Morning! I’m proud to announce that I’m a guest-poster on The Runner’s Kitchen today, one of the very first blogs I started reading when I joined the blogosphere six months ago. As a fellow beer lover, Megan always posts about the great suds she’s drinking, so for my guest post I made up a fancy salad to pair with my favorite beer, Newcastle Brown Ale.
I mean, if you’re going to get all banged up, the least you can do for your body is eat a salad with it, right?
I’ll let you get your food fix for the day over there, while I post about training over here.
You’ve Changed, Man
There are some major changes going on with my body. Not those changes, silly! I may be baby-faced, but I’m 28! I’m talking about my fitness level, as the result of about a year and a half of consistent training and the best diet I’ve ever eaten for any amount of time.
A few things about my 20-miler yesterday made me realize this. Mainly, it was the fact that I ran the 20 in the morning, quickly showered and wrote a blog post, then went into school for a meeting. I was running five or so minutes late and had to bring lunch in the car, an all-too-familiar situation for me. But that’s the thing, it was exactly the same thing I’d have been doing if I hadn’t run 20 miles in the morning. All the sudden it hit me.
Holy f, two hours ago I was running farther than most people will drive today.
20 miles used to be the type of thing that would require an entire Sunday. Three hours to run it, 21 hours to lay on the couch/limp around the house moaning and feeling like I was coming down with the flu. What’s more, runs like this would invariably be followed by a day or two of achy knees and shins. But not now. My quads are tired, for sure, but I don’t feel any differently than if I had, say, done a few squats in the gym.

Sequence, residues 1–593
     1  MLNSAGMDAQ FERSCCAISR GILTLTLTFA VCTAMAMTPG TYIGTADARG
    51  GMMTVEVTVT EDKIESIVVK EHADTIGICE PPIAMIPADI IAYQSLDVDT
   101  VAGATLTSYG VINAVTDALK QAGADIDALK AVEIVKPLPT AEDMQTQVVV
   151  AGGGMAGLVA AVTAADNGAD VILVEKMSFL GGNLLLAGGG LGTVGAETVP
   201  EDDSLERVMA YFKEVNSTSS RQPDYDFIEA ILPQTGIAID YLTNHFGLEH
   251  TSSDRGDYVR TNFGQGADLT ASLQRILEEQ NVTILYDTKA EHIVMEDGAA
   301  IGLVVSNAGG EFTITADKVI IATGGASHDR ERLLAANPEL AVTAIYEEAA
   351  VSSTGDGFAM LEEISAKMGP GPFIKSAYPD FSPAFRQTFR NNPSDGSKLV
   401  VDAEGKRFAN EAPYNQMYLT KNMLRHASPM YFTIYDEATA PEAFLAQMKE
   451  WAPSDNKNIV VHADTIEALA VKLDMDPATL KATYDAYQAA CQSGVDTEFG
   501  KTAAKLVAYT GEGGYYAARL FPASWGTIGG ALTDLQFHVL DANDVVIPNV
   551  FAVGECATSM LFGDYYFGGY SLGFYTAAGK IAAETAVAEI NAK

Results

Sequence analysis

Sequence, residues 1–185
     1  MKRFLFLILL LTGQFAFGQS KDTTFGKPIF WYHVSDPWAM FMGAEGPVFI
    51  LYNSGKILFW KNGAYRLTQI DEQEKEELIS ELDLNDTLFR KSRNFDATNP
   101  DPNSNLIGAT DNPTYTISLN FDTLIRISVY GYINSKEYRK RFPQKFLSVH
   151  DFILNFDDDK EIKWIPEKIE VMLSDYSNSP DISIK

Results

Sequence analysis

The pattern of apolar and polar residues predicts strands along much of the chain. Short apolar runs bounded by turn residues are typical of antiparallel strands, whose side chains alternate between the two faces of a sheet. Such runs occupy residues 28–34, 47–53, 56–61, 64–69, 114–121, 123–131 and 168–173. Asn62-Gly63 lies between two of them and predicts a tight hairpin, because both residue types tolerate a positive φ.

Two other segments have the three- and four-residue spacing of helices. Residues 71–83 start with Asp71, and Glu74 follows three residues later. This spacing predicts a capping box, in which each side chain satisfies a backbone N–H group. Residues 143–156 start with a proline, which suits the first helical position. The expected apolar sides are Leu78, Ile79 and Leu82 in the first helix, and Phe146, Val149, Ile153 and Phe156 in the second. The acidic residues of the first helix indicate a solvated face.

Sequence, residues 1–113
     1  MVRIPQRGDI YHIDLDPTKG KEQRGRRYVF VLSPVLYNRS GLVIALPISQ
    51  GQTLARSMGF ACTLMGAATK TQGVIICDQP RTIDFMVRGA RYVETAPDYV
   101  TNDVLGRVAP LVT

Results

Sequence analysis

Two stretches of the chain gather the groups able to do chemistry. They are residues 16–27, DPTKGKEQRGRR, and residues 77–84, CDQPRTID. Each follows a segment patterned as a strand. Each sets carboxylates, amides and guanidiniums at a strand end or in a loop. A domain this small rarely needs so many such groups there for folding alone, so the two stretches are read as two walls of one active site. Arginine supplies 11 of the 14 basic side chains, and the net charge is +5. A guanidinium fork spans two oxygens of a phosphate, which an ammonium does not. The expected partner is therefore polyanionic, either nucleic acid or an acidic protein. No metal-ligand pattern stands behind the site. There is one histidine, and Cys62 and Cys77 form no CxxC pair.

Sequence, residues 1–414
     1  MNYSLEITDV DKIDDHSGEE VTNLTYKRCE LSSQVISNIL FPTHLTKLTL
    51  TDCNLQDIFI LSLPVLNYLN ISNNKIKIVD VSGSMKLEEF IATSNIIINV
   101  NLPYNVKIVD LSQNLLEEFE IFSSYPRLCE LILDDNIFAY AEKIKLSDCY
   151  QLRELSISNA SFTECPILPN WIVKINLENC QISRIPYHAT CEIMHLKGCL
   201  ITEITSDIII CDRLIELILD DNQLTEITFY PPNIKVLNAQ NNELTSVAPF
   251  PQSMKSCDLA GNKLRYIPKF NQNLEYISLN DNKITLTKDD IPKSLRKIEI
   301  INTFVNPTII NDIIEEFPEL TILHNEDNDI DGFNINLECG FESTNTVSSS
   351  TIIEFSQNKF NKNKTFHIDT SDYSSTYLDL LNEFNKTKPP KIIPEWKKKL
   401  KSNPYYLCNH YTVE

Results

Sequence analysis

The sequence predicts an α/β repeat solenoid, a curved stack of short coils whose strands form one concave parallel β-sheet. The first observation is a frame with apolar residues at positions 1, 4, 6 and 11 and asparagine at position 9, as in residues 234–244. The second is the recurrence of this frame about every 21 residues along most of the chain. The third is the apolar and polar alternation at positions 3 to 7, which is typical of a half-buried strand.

Next week I’ll run 15, then another 20, followed by another 15, then one more 20 before tapering for two weeks prior to my marathon. A far cry from my previous training programs, when my legs would scream for an easy week after any run longer than about 13 miles. And I would reluctantly oblige, concerned at the realization that my body would only allow me to get in a single 20-miler during my training. A single 20-miler, in preparation to not just run 26.2 miles, but to try to do it faster than I ever had before.
Six months ago, when I was giving serious consideration to this vegetarian thing, the marathon training was almost the deal-breaker. If I stop eating meat, is something going to happen to my running?
Yes, Matt. I’d say something happened to your running.